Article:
MisterBill2

Joined Jan 23, 2018
8,736
WE stilll have no hint about how much current is involved, nor about the required switching rate. So there is a whole lot of guessing being done here. The simple and cheap way to do it is with a transistor and a diode bridge, except that it adds two diode drops in series.
 

Thread Starter

l0vot

Joined Apr 29, 2013
104
It SHOULD only be passing 7A max, probably more like 1-3A since it was barely getting warm when driven continuously the way i'm driving it, load has a primary resistance of ~1.5 ohms and it gets really hot when passing 6-7A, the AC source is a secondary winding on what is basically royer oscillator, it doesn't spend very much time at 0V at all. A 1V drop would result in a max heat dissipation of around 7W, a nominal heat dissipation of 3W or less, during normal operation it should have less than a 20% duty cycle, the triac can also run pretty hot continuously, it might not technically need a heatsink during normal operation, but I'm going to add one anyway, if it works. If 2 triacs could handle the square waves, the additional voltage drop is acceptable

It needs to switch up to 60 times per second with a duty cycle less than 20%, a relay really isn't the right choice, and it wouldn't be reliable if it did work.
 

Danko

Joined Nov 22, 2017
1,081
I'm trying to switch a low KHz square wave (4-6KHz 70-90V nominal) using a DC trigger signal, 12V would be convenient
load has a primary resistance of ~1.5 ohms
Use FETs, they can easily switch 60A through 1,5Ω load with AC 90V 5kHz.
1623125035415.png
This does require the 0V of the control signal to be floating with respect to the 90V signal. If the two V- connections are tied together it doesn't work.
How about some imagining?
1623134403218.png
 
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Thread Starter

l0vot

Joined Apr 29, 2013
104
Ian0: basically a flyback transformer

Danko: f I used FETs in that configuration, the body diodes will end up passing the full current with a 50% duty cycle, the body diodes can only do a fraction of what the FET is rated for, the shottkeys I have are rated for 20A, they can do more current than the body diodes, but 20A is the cap, this is sufficient, but the FETs I have are only rated for 100V anyway, so they would probably end up fried. A pair of SCRs is typically used when a triac can't do the job, if i can't get the triacs to unlatch i'll probably go the SCR route.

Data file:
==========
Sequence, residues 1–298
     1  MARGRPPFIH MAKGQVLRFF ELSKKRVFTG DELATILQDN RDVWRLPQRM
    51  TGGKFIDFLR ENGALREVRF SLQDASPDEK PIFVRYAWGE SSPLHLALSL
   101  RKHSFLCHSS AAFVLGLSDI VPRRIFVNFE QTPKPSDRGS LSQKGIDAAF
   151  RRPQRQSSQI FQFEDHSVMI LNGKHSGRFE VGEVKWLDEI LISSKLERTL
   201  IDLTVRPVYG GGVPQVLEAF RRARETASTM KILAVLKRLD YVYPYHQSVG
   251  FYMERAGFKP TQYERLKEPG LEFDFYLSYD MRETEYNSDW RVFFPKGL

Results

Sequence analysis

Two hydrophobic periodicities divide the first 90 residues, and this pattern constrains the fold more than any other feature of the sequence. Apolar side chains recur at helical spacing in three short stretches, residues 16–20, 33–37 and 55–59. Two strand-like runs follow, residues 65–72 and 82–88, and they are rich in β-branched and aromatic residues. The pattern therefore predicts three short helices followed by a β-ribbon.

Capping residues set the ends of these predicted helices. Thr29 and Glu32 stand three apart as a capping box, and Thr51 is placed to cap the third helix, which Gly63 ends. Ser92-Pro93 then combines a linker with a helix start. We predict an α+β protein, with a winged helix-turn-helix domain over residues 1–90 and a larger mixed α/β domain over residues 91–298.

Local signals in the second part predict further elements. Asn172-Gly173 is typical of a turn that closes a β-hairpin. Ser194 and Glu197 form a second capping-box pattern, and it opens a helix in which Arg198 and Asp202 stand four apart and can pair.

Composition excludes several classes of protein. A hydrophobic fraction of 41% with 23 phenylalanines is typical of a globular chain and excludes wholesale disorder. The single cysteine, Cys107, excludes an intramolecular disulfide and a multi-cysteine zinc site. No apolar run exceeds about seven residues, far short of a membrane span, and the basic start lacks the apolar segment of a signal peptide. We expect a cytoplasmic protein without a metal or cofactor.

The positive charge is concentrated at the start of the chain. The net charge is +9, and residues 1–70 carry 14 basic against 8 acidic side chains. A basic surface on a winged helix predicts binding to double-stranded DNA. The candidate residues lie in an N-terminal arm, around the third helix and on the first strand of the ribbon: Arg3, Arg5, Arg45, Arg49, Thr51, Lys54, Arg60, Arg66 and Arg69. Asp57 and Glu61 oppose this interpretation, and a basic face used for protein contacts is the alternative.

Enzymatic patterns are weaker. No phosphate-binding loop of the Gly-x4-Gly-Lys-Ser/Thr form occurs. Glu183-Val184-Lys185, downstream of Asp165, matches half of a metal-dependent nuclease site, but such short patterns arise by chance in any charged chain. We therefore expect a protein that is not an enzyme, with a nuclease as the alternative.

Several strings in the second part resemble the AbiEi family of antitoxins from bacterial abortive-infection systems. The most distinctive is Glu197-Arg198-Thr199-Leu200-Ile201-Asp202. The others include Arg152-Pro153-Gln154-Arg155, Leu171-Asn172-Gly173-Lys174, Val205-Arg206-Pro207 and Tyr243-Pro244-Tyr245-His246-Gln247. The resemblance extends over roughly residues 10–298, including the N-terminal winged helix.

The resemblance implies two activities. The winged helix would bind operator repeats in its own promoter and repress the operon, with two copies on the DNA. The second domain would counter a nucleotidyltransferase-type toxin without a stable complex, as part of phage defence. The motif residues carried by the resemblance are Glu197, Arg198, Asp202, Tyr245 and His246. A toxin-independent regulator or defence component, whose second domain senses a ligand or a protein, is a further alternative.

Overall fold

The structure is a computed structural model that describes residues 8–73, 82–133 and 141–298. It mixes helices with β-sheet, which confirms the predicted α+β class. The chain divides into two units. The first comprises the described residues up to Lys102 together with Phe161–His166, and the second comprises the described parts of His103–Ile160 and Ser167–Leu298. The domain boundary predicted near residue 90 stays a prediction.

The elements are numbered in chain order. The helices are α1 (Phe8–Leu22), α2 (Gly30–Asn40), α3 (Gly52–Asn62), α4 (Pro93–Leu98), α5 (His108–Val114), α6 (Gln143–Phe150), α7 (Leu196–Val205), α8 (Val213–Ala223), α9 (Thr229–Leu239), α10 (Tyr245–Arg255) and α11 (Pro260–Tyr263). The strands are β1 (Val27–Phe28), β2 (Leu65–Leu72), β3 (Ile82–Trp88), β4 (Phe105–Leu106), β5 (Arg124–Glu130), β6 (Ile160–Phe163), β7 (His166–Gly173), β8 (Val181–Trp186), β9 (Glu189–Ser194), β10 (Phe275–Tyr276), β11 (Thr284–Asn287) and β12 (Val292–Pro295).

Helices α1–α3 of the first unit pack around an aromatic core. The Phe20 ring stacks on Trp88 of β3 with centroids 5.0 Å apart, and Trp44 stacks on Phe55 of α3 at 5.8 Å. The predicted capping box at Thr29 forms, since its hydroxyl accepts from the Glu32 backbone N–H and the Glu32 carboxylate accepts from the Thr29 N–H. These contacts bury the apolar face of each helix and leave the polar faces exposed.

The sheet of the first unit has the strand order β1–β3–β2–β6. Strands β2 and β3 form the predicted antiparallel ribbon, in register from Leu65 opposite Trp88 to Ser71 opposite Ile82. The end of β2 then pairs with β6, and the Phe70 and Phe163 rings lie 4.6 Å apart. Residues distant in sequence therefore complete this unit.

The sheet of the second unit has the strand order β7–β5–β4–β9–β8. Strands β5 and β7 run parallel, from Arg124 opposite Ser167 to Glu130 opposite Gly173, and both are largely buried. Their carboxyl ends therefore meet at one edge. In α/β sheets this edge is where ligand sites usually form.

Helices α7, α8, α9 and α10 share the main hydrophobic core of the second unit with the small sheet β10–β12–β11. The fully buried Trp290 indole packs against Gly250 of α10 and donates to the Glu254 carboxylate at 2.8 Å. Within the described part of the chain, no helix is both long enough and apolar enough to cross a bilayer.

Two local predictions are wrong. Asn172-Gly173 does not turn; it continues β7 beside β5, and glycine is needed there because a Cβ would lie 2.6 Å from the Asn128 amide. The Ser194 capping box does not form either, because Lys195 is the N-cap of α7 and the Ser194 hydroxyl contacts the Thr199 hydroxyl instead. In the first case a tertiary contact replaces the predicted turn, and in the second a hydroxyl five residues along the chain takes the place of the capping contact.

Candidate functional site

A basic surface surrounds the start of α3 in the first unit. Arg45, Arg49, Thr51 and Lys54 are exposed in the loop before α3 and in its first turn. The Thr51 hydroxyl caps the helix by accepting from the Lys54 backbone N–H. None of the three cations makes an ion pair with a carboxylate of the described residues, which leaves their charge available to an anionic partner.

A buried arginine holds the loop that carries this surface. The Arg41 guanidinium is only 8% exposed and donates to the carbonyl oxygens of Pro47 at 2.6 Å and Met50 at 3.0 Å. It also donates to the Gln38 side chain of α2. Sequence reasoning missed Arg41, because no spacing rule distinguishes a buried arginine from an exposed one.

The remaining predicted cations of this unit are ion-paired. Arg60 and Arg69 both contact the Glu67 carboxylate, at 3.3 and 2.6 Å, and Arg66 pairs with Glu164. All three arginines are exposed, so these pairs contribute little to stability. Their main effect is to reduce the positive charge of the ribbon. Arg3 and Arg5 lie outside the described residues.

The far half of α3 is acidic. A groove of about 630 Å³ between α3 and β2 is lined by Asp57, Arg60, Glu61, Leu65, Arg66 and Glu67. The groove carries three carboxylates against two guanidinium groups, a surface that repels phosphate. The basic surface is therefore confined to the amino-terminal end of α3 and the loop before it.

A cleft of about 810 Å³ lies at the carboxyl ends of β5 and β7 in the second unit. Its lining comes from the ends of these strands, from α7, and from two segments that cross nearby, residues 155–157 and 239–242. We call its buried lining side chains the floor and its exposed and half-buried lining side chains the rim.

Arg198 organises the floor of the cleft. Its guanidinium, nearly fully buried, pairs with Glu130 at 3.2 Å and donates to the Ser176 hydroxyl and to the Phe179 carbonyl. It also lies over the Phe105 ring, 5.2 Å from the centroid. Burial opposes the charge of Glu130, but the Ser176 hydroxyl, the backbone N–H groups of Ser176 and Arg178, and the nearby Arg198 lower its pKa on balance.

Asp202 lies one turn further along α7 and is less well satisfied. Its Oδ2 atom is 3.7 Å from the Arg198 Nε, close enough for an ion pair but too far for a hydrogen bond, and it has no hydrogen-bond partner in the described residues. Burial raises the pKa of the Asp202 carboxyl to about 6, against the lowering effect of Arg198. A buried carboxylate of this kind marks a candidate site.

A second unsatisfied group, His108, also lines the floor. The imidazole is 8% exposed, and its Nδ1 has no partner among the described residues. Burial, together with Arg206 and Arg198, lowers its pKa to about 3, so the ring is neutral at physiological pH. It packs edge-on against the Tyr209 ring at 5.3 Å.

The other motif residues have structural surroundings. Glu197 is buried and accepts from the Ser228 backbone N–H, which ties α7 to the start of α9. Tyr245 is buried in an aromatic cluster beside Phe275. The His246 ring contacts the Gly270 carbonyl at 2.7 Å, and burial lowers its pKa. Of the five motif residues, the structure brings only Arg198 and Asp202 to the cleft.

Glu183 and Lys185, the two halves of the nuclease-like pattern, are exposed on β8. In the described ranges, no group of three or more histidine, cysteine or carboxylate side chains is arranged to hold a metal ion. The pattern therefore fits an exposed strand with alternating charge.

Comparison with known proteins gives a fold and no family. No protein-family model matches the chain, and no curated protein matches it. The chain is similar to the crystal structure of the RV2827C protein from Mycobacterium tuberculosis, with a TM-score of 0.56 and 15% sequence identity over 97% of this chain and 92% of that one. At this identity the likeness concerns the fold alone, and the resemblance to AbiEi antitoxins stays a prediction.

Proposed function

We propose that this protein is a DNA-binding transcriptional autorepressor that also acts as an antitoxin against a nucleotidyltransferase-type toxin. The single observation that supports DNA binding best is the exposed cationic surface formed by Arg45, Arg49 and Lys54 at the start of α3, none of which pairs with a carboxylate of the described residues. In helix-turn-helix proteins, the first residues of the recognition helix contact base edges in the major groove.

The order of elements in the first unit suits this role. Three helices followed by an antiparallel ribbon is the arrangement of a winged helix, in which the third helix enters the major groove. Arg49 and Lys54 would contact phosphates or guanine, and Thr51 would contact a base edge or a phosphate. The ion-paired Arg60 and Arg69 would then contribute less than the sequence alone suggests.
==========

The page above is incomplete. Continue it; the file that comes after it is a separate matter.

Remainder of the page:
Danko

Joined Nov 22, 2017
1,081
the body diodes can only do a fraction of what the FET is rated for
They are rated equally.
I drain @25°C:
1623684144109.png
---------------------------------------------------------------------------------------
I body diode @25°C:
1623683950651.png
Danko: f I used FETs in that configuration, the body diodes will end up passing the full current with a 50% duty cycle
Body diodes do not work in this circuit at all,
because Drain-Source is simple resistor and conducts current in both directions, when transistor is ON.
You can see on diagram that D-S voltage of transistors is not more than ±75 mV @20A current.
So body diode can not be open by such small voltage.
1623683753785.png
 

cmartinez

Joined Jan 17, 2007
7,332
I'm trying to switch a low KHz square wave (4-6KHz 70-90V nominal) using a DC trigger signal, 12V would be convenient, but I can step up the voltage if necessary, a triac seemed like the correct device to accomplish this, however I seem to have a knack for using transistors incorrectly, and destroying them in the process, so I figured I would ask how I need to wire up this triac in order for it to function like a relay.

https://www.digikey.com/en/products/detail/stmicroelectronics/T2535T-8T/13559154

I don't know if it can control high frequency AC or not, the datasheet doesn't really say, if it can, it's massive overkill because it should only be switching a couple amps, and if it has a heatsink it's max voltage is around 10X what it should be switching.
Take a look at this thread, you might find it interesting.